I’ve decided that since I’ve talked about the anatomy of a fish HOOK it was high time I discussed the anatomy of a fishing POLE.
There are literally hundreds of fishing poles to choose from. There are everything from ice fishing to fly; kiddie poles to high-dollar deep sea poles. But no matter what, all fishing poles are made of the same four parts:
The rod itself can be made out of a variety of materials including bamboo, graphite, carbon, fiberglass, plastic, or a composite material. Of course, all rods come in different lengths and diameters depending on what type of fishing, the angler’s preference, and what species of fish you’re after.
A rod that is all of a piece (that doesn’t break down for easy transport) have a much different feel than a multi-piece rod. But frankly, a single-piece rod is pretty difficult to transport! Two piece rods are joined together by a ferrule and if engineered well, won’t give up much in the way of having a natural feel to it.
Fishing rods are sorted by the rod’s action, as well as its power. Power refers to how much force is needed to make the rod flex. Action is determined by where the rod flexes.
The guides are where the fishing line is threaded through. The guide has two main parts: the foot, which contacts the fishing pole, and the loop which sticks out from the rod. The guides of a rod are either metal or ceramic and are attached along the rod in a variety of locations.
With a multi-section rod, it’s important to have the guides lined up so your line will flow from the reel through the guides properly and without catching. Depending on the style of rod and its length, the placement and size of the guides will vary.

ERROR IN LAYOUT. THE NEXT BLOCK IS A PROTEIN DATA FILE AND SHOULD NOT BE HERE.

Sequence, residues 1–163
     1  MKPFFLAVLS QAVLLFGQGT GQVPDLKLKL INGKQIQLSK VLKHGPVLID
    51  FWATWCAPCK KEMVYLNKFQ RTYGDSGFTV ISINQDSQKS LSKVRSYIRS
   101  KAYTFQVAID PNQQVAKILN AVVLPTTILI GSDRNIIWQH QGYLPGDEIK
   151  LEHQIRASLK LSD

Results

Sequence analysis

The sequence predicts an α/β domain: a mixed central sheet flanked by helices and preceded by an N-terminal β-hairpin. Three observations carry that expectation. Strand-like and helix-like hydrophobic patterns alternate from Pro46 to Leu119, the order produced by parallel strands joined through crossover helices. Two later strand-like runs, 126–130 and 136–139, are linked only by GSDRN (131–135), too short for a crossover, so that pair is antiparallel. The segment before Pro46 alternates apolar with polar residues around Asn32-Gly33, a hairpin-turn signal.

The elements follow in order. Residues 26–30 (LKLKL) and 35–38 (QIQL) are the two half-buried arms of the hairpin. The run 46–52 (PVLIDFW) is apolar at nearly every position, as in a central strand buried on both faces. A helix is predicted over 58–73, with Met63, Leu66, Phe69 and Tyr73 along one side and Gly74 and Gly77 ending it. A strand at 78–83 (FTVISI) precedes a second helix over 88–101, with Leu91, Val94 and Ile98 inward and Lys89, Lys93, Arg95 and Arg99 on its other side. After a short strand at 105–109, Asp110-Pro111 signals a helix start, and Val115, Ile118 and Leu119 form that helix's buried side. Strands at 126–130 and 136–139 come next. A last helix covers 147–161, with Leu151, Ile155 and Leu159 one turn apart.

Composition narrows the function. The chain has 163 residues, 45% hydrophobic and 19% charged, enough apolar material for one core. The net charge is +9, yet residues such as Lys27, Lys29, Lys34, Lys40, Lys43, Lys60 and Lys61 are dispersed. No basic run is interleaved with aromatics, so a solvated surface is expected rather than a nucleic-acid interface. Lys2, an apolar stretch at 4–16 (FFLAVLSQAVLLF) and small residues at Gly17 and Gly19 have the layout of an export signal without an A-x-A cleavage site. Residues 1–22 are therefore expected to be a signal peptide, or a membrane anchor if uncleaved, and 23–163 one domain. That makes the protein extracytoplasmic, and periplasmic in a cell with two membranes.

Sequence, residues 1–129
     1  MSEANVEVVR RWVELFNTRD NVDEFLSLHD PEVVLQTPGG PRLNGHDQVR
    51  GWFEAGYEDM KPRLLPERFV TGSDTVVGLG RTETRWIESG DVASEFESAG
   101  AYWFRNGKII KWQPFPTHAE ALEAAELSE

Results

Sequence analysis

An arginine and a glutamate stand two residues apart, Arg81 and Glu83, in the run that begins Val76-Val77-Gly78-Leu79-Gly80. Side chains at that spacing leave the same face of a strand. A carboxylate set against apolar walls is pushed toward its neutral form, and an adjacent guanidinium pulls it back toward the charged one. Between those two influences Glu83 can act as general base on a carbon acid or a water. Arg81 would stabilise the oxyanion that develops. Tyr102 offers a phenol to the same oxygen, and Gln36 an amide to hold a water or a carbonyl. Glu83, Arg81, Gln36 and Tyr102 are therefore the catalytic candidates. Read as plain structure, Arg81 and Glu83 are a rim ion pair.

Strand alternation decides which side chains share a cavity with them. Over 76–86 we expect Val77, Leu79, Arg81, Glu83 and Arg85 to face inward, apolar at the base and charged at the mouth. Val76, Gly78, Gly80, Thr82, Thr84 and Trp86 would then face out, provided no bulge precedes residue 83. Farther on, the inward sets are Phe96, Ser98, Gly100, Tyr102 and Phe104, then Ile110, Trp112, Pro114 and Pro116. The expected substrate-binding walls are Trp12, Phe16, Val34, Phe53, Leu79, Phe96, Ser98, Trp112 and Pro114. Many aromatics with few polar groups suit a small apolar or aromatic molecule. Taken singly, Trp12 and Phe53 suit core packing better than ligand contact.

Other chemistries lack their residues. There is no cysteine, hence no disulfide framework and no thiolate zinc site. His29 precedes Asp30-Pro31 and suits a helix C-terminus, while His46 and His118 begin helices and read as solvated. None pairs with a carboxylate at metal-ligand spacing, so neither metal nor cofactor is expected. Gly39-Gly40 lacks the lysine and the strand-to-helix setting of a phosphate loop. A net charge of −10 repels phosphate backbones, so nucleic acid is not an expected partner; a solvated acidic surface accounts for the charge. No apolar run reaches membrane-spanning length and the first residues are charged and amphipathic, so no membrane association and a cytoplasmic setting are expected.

While you’re fishing, be sure to check the alignment of the guides often. A fighting fish can actually twist the two sections of rod so the guides no longer line up!
The reel seat on a fishing pole is located above the base and is where the reel is attached to the rod. What reel you use, will determine what the reel seat will look like. Since there are three standard reels, there are three standard reel seats: fly, casting and spinning.
The handle of a fishing pole is what you hold onto while fishing. The type of rod will determine what the handle looks like. Spinning and fly rods have a thinner and more streamlined handle, compared to a rod used for casting.
The majority of handles are manufactured out of foam or cork.
When you’re using a fishing pole, you want to be very careful with the rod tip. It’s easy to step on, break off, or otherwise damage. The other part that should be checked regularly are the guides as they can become loose and detach from the rod shaft.
Readers Weigh In:
- What is your favorite style of fishing rod?
- Do you have a favorite brand or style?